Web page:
The failure of the Republican-controlled House to pass a new farm bill is providing fresh fodder for Democratic candidates in Iowa and other rural states seeking to woo swing voters ahead of the November election.
After a series of political victories early this summer, congressional action on the farm bill has ground to a halt. The full Senate passed its bipartisan $500 billion farm bill in June. A month later, the House Agriculture Committee approved its own five-year measure with deeper spending cuts. But since then, House GOP leaders have been unwilling to bring either bill to a vote for fear they do not have the 218 votes needed to pass it. The current farm legislation expires Sept. 30.
The farm bill has increasingly become an influential factor in election races across the country. Democratic challengers have turned up the heat on their Republican counterparts in rural districts, placing the beleaguered bill in the center of the political discussion. Still, despite the ramped-up rhetoric, it is uncertain whether the attacks will be enough to nudge any congressional seats into the Democratic camp.
“Republicans are failing farmers and ranchers by blocking the farm bill, and it will have a big effect in House races across the country,” said Stephen Carter, regional press secretary with the Democratic Congressional Campaign Committee. “Voters now have proof that Republicans are choosing their Washington leadership and the tea party over farmers and ranchers in their home state, and Democrats are highlighting Republican failure on the farm bill in each of these races.”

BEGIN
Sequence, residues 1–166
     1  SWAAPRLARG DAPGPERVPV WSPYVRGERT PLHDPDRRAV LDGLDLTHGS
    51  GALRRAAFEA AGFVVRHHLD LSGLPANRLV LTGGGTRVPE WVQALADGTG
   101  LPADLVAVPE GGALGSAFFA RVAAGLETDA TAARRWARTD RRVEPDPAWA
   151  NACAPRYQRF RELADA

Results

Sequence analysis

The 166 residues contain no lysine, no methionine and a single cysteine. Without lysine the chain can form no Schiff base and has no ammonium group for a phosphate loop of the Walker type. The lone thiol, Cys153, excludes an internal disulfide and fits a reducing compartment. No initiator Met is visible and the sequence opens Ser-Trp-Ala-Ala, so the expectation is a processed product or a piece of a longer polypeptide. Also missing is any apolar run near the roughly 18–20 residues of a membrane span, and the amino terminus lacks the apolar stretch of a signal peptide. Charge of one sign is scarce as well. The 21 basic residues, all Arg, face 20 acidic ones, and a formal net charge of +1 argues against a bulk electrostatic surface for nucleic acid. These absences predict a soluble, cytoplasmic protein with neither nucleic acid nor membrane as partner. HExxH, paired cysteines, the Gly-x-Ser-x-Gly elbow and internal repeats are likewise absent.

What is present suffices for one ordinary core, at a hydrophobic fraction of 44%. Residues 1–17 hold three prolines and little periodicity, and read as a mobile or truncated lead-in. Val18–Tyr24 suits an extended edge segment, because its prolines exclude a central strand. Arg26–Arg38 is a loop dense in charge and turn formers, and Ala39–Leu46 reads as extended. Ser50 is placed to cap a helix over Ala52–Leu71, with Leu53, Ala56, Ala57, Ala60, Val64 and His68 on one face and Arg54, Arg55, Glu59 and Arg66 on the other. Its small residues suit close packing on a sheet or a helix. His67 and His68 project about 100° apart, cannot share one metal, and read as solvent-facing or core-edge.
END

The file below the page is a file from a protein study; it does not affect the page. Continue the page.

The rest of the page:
The issue has garnered the most attention in and around the Midwest, where corn, soybean and wheat are king. The biggest impact in House races is expected to be in the states where agriculture is the top industry — Iowa and South Dakota, according to the Democratic Congressional Campaign Committee. Other states where it has become a prominent topic in campaigns are Illinois, Wisconsin and Colorado. Democratic strategists also have highlighted Senate races in Montana, Nor th Dakota and Indiana as battleground states.
Candidates in these states are aggressively focusing on the farm bill at campaign events and in radio and TV advertisements. Democrats have used the commercials, debates and a flurry of news releases to accuse Republicans in Washington of failing constituents on a key issue. Even Republicans who support the farm bill have not been spared.
Democrats raise issue in Iowa races ...
Source: Argentine Beef Packers S.A.
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